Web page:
Researchers suggest the water molecules could provide insight into the "missing link" that explains the origins of water on Earth.
Astronomers studying a remote star in the Orion constellation observed gaseous water molecules with a chemical composition stunningly similar to water found in comets near Earth. And experts think this star can help explain how Earth first got its water billions of years ago.
“We can think of the path of water through the universe as a trail,” said study lead author John J. Tobin, an astronomer at the National Radio Astronomy Observatory, in an interview with The Independent. “We know what the endpoints look like, which are water on planets and in comets, but we wanted to trace that trail back to the origins of water. Until now, the chain of water in the development of our Solar System was broken.”
Using a powerful radio telescope, the astronomers discovered the gaseous water circling V883 Orionis, a young star about 1,300 light years away from Earth. Previously, scientists had observed the journey of water from gas clouds to young stars, and from comets to planets, but figuring out how water moved from young stars to comets had proven difficult to pin down.
Since the gaseous water around V883 Orionis is so similar to the kind found in comets near Earth, this new discovery suggests that the water delivered by comets to our planet billions of years ago originated from gas clouds — which may be older than the 4.6-billion-year-old Sun.
“V883 Orionis is the missing link in this case,” Tobin said. “The composition of the water in the disc is very similar to that of comets in our own Solar System. This is confirmation of the idea that the water in planetary systems formed billions of years ago, before the Sun, in interstellar space, and has been inherited by both comets and Earth, relatively unchanged.”
Stars are formed when massive clouds of gas and dust collapse, rapidly heating as they come together. Around the central star, matter from the cloud forms a disk, which over millions of years gradually clumps together to form comets, asteroids, and planets. The question astronomers sought to answer was this: Where did the water in our Solar System come from?
To answer this question, the team used the Atacama Large Millimeter/submillimeter Array (ALMA), an array of radio telescopes in Chile, to scan V883 Orionis for signs of radiation emitted by gaseous water — the result of molecules spinning. This becomes complicated, however, when water is frozen, as the movement of molecules is more constrained.
“Most of the water in planet-forming discs is frozen out as ice, so it’s usually hidden from our view,” said study co-author Margot Leemker, a Ph.D. student at Leiden Observatory in the Netherlands. To further complicate things, gaseous water near the center of planetary disks, where temperatures are higher, is usually obscured by the dust that makes up the disk. These warmer regions are also small and difficult to image with telescopes.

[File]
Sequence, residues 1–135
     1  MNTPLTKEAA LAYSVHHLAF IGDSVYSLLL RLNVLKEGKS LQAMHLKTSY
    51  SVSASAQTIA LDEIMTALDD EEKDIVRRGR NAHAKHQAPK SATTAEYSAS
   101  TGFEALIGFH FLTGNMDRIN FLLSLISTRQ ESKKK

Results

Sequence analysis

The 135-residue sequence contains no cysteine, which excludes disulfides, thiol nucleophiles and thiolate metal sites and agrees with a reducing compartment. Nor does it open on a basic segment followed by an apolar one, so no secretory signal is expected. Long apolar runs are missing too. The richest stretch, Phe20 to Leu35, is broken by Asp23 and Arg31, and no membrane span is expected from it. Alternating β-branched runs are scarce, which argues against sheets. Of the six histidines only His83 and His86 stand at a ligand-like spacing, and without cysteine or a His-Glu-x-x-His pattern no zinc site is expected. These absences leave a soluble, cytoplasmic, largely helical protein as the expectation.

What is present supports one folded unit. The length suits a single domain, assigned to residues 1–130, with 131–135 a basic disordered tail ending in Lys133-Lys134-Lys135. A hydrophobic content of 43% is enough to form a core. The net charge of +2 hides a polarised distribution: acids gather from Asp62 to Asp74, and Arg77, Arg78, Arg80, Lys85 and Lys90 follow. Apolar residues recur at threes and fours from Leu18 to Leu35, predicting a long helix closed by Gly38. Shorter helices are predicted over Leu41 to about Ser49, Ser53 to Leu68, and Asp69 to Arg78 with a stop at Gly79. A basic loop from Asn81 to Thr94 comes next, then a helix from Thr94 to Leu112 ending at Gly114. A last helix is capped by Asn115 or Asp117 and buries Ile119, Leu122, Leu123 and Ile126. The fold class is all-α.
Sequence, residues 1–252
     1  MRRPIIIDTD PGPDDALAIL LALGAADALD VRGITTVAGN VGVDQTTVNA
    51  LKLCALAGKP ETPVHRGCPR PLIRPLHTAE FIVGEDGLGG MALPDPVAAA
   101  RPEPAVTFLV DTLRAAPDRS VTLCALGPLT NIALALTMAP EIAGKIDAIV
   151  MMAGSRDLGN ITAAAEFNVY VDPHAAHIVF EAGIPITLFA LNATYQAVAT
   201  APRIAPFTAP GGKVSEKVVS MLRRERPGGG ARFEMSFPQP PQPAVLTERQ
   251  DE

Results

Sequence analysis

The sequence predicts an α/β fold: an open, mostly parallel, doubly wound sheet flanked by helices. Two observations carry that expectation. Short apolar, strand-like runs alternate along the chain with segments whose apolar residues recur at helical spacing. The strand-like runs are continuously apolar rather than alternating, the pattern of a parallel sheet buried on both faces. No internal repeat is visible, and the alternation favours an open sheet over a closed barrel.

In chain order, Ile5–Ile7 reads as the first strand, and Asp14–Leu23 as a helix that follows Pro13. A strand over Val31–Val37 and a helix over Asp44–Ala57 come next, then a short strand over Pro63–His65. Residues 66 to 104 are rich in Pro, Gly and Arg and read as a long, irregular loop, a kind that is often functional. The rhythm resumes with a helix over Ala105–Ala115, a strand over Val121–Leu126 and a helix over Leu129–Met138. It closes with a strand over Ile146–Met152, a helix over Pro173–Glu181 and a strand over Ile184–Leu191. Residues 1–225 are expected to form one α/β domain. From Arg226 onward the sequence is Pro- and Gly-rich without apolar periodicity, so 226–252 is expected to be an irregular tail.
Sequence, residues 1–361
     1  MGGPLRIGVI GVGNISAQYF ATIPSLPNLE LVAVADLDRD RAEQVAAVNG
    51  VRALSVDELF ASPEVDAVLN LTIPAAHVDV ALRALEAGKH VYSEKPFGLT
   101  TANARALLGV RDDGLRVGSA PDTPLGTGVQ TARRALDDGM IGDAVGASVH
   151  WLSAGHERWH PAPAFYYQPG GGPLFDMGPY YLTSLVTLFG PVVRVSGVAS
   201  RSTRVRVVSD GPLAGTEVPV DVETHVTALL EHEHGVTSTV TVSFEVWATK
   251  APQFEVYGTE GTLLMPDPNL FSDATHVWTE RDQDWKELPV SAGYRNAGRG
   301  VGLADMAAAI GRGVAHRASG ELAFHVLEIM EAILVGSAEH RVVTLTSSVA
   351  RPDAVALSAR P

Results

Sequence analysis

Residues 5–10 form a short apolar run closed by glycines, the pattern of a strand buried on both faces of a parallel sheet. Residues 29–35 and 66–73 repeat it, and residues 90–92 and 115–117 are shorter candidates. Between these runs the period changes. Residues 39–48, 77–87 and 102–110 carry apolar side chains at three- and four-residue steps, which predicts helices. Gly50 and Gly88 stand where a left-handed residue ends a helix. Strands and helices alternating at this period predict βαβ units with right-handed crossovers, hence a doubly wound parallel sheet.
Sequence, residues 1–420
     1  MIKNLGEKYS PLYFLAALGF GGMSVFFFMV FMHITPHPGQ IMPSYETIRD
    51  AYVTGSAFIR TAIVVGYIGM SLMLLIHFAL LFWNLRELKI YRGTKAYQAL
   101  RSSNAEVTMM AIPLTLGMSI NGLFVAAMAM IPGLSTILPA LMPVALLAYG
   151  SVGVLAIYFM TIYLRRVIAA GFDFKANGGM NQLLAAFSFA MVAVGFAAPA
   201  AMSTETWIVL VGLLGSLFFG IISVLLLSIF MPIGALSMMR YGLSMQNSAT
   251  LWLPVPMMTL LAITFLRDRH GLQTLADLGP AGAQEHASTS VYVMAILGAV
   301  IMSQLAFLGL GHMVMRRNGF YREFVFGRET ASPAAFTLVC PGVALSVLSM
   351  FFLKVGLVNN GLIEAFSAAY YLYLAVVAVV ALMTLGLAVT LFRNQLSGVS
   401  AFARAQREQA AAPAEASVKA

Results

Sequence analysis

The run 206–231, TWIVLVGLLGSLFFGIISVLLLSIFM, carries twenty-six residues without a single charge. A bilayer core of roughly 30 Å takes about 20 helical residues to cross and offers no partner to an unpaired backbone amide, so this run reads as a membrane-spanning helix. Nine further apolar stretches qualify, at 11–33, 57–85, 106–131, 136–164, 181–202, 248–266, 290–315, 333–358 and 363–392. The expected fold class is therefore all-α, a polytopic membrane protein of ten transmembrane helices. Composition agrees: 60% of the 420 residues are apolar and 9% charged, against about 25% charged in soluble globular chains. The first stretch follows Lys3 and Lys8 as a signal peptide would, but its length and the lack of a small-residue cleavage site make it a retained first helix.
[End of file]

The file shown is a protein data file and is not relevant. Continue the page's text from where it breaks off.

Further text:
V883 Orionis, however, was recently found to be atypically hot, “up to a temperature where water is no longer in the form of ice, but gas, enabling us to detect it,” Tobin said — making it a perfect candidate for observation. Using ALMA, the team was able to detect water in the star’s disk, determine its composition, and map its distribution throughout the disk.
It should be noted that while the typical composition of water as we know it consists of one oxygen atom and two hydrogen atoms (H20), it is not the only way water can be composed. In fact, Tobin’s team studied a heavier version of water in which one hydrogen atom is replaced with deuterium, a heavy isotope. Simple water and heavy water form under different conditions, so by analyzing the ratio of simple to heavy water in a system, astronomers can determine when and where that water was formed.
Some of our Solar System’s comets have previously reflected a water ratio that’s similar to Earth’s water ratio, suggesting that Earth’s water could have been delivered by comets billions of years ago.
In observing V883 Orionis, Tobin’s team discovered a similar ratio dispersed throughout the young star’s disk — and found that the disk contains at least 1,200 times the amount of water in the Earth’s oceans.
“We conclude that disks directly inherit water from the star-forming cloud and this water becomes incorporated into large icy bodies, like comets, without significant chemical alteration,” astronomers wrote in the study.
“We can now trace the origins of water in our Solar System to before the formation of the Sun,” added Tobin. But the team still has plenty of work ahead of them before they can put the mystery to rest for good.
In the future, they intend to use the European Southern Observatory’s Extremely Large Telescope and its first-generation instrument Mid-infrared ELT Imager and Spectrograph to help solidify the link of water’s path from star-forming clouds to solar systems. “This will give us a much more complete view of the ice and gas in planet-forming discs,” Leemker said.
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